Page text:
The less heap memory is allocated to Elasticsearch, the more RAM remains available for other OS processes and Lucene, which relies heavily on the file system cache to serve requests quickly. It’s recommended to set the Heap Size to around 30% ~ 60% of available memory and monitor the JMV Heap, make sure it’s less than 75%.

To set the minimum and maximum JVM Heap sizes, change the values of -Xms and –Xmx in jvm.options respectively, environment variables can also be used; it’s recommended to have the same value for -Xms and -Xmx [4].

3. Swapping

Given the memory used by ELK Stack, a Swap memory [5] can be added to the server (if there is no swap) and disable Swap utilization for Elasticsearch; swapping makes things slow as disks are slower than the memory [4]. This property can be set in the YAML file:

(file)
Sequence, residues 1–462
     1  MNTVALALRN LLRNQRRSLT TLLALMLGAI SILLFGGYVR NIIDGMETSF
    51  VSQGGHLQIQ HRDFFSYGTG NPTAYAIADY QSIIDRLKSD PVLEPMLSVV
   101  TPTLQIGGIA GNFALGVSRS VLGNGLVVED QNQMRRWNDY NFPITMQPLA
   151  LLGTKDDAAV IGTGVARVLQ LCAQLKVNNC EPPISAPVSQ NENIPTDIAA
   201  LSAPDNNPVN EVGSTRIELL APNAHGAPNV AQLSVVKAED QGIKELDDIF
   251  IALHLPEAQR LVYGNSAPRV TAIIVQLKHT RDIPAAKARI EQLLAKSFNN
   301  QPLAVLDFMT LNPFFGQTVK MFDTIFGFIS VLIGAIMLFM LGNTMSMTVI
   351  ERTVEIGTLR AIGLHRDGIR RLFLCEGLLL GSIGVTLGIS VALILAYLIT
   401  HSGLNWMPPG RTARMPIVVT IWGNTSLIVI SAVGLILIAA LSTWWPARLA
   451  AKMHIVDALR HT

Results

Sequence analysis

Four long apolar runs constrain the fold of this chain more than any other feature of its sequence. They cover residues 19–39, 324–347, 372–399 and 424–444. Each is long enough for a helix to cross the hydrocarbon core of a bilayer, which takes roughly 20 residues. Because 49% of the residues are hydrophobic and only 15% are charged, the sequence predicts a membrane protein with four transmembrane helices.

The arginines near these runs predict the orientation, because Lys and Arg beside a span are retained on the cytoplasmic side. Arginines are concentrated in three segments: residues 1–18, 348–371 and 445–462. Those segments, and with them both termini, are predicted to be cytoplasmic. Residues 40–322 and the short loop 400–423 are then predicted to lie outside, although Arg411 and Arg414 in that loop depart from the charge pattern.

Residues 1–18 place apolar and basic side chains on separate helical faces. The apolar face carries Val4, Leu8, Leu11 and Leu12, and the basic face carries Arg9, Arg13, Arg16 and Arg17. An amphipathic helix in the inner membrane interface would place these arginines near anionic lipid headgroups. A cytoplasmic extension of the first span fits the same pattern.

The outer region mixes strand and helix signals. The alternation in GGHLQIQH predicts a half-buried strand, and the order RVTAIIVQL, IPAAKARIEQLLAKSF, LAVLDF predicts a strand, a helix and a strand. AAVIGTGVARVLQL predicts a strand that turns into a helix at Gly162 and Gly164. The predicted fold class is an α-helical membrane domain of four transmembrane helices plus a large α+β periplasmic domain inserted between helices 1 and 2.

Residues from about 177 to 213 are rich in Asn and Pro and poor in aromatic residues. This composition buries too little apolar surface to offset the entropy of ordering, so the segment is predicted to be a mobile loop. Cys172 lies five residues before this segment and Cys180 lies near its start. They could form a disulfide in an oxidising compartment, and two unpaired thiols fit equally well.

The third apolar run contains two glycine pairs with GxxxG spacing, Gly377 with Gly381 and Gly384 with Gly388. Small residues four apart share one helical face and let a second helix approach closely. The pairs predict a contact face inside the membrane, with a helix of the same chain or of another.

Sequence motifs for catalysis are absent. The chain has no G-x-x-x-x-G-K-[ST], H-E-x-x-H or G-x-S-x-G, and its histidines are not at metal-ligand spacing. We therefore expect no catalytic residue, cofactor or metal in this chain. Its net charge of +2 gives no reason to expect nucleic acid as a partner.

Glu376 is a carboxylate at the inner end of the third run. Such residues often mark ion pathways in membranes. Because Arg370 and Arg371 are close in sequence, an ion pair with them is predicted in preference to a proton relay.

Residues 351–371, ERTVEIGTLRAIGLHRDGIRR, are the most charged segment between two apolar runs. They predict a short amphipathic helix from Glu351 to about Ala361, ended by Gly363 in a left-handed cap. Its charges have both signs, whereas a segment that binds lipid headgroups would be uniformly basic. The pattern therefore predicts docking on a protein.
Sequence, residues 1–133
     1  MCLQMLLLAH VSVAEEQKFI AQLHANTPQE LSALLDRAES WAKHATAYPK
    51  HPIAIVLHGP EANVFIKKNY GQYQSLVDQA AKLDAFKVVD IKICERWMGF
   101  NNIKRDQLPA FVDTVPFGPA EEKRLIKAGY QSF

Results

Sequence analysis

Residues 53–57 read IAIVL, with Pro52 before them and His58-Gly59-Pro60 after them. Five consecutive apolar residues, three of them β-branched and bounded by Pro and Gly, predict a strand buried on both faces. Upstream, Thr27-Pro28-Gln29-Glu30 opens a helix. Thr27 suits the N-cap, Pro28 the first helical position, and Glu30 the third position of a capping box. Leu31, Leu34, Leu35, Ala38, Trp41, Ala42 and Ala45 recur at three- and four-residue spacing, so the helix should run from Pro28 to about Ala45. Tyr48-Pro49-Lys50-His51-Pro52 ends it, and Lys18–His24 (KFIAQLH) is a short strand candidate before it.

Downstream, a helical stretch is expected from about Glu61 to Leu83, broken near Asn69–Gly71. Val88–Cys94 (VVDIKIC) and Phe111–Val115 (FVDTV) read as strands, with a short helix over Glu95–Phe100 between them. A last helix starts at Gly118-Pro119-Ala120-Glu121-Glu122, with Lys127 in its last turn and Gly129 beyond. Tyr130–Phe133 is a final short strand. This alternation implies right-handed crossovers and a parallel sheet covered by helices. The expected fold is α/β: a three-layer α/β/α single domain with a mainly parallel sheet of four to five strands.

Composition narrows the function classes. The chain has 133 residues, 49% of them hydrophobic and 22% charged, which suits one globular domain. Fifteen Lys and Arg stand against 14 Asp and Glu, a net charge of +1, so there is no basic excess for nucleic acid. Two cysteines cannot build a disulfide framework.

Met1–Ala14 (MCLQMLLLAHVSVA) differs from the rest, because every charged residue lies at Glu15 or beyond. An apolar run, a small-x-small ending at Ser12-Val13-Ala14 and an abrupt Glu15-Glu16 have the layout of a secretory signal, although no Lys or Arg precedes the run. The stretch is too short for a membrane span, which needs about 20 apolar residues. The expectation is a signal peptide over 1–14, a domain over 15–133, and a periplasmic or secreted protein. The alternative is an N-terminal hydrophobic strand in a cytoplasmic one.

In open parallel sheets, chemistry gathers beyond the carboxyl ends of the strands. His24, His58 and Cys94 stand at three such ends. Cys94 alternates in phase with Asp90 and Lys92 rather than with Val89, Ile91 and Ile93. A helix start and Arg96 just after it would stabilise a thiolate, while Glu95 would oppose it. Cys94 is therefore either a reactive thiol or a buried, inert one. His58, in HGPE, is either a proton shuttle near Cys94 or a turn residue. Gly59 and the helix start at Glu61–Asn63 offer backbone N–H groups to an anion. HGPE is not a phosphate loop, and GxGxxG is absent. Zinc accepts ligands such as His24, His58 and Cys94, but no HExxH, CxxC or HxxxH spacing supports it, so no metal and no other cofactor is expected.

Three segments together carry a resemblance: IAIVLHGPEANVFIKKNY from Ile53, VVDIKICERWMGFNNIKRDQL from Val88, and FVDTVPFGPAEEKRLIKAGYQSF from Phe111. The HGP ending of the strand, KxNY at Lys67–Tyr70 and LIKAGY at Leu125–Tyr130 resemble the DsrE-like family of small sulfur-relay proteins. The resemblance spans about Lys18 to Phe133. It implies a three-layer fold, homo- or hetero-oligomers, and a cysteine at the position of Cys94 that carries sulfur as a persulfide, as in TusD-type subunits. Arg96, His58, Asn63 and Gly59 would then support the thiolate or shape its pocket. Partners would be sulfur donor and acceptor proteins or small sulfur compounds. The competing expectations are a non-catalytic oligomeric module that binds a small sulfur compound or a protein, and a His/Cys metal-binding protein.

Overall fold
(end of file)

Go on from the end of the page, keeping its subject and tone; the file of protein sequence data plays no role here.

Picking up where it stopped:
bootstrap.memory_lock: true

4. Kibana Dashboards

Use a single dashboard per page, containing different visualizations. Indeed, Kibana sends all queries related to Visualizations in a Dashboard in a single _msearch request, which executes in parallel. When a page has different dashboards, requests are sent individually, causing some visualizations to be rendered a bit quickly, but the entire dashboard as a whole to be rendered more slowly (from start to finish). This should be a bad experience if the user is on a slow connection, some dashboards might never load. Another drawback of having different dashboards on a single page is that it requires more ES resources, increasing the server Memory and CPU Utilization.

5. Refresh Interval (5s by default)